Grounds for Divorce/Dissolution





Grounds for Divorce/Dissolution in the U.S. Copyright HG.org

Legal Grounds for Divorce/Dissolution

Grounds for divorce/dissolution are legal reasons for termination of a marriage.

No-fault Divorce

A no-fault divorce is one in which neither person blames the other for the breakdown of the marriage. There is no requirement to prove guilt of either party. Common no-fault grounds are irreconcilable differences, irretrievable marriage breakdown, irremediable breakdown of the marriage, or incompatibility of temperament.

These terms indicate that the marriage is over, but no blame is assigned to either spouse. All states have some form of no-fault divorce. But in many states, the couple must live apart for a certain timeframe to obtain one.

Fault-based Divorce

In a fault-based divorce, misconduct by one of the spouses is alleged as the legal basis for divorce/dissolution. Most states still allow couples to obtain a fault-based divorce. Many of the grounds are the same from state to state, such as adultery, some type of cruelty, physical or mental incapacitation, abandonment, and imprisonment.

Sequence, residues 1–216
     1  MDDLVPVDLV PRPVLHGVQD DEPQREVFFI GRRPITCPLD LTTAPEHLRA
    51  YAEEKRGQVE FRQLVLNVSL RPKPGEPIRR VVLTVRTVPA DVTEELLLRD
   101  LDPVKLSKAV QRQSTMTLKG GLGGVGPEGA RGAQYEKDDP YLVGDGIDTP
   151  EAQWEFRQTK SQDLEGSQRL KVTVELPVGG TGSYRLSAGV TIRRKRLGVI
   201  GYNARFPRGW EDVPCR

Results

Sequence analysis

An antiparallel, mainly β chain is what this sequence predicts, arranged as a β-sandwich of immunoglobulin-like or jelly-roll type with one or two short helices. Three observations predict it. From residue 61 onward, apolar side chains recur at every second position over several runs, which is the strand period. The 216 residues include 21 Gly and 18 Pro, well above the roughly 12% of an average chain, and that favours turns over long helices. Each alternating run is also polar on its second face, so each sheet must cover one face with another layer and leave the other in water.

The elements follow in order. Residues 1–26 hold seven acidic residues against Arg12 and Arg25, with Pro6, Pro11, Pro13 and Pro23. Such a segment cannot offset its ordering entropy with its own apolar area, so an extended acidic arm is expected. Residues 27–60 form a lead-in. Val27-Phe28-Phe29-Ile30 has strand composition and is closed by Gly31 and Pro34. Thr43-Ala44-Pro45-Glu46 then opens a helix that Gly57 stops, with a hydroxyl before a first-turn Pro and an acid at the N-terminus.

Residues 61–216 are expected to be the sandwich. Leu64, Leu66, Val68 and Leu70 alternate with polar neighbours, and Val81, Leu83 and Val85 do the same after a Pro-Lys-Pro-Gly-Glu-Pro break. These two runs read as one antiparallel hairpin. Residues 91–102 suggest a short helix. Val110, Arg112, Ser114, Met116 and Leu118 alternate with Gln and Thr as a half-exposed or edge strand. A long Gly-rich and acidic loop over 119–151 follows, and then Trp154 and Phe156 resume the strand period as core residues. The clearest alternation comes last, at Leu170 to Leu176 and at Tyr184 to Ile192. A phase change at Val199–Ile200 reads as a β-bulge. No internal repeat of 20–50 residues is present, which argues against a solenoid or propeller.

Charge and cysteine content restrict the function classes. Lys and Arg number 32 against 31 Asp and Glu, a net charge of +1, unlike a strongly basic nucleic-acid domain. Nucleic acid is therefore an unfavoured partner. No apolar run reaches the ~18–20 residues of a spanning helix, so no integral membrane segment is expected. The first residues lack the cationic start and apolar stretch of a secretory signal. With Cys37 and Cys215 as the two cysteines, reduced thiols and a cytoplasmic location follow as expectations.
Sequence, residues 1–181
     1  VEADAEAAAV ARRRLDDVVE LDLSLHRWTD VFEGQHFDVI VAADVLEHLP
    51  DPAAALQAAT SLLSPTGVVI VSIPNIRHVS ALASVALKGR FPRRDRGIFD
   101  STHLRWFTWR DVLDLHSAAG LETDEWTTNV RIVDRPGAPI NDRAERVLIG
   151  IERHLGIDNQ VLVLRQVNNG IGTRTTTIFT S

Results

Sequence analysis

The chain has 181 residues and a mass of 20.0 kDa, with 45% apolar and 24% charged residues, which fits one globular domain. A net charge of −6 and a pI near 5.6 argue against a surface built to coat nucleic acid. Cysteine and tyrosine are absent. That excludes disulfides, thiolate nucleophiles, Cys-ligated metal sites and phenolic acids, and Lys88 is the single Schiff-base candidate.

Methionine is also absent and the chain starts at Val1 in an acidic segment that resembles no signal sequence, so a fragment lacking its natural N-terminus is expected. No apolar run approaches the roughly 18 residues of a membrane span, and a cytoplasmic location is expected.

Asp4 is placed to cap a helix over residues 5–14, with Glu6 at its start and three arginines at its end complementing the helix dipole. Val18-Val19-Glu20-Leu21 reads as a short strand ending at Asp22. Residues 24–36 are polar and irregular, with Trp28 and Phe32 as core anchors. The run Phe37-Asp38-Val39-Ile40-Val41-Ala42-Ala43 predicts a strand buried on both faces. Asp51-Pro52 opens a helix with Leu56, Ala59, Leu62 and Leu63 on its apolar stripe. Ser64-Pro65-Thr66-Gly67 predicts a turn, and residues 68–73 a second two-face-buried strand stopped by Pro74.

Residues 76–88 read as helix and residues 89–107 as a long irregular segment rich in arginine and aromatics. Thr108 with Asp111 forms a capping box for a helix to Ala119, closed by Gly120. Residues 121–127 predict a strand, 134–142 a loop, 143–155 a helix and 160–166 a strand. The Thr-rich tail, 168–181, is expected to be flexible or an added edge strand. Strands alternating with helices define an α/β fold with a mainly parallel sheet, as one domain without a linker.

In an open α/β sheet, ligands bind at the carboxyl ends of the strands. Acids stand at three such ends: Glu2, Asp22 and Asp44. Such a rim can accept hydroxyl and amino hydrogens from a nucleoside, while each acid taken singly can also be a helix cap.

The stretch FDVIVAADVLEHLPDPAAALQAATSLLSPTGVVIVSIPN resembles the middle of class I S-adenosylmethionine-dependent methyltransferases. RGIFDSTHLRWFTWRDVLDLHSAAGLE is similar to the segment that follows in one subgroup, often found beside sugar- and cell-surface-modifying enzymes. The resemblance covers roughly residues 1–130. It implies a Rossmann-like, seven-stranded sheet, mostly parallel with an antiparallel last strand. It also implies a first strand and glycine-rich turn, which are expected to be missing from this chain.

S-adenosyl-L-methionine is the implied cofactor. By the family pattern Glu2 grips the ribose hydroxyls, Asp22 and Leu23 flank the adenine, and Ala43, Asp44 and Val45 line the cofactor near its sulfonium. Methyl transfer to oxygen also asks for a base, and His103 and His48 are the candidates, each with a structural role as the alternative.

In a fault-based divorce, the courts require proof of the alleged grounds. If the misconduct cannot be proven or the accused spouse fights or raises a defense to the claim, the divorce can still ultimately be granted on no-fault grounds, since all states offer this option.

Fault-based divorces can often be obtained more quickly than no-fault divorces. And some states take a spouse’s misconduct into account when making decisions about property division and the award of spousal support.

Comparative Rectitude or Least-fault Divorce

When both spouses allege legal fault-based grounds in a divorce action, under a doctrine called comparative rectitude, a court may award the divorce to the spouse whose fault is less serious. These types of divorces are rarely granted, however, since no-fault divorce is far more common.

Grounds for Divorce/Dissolution by State

Grounds for Divorce/Dissolution may vary from state to state. The following links provide general overviews of individual states' divorce grounds.


Individual State Grounds for Divorce/Dissolution

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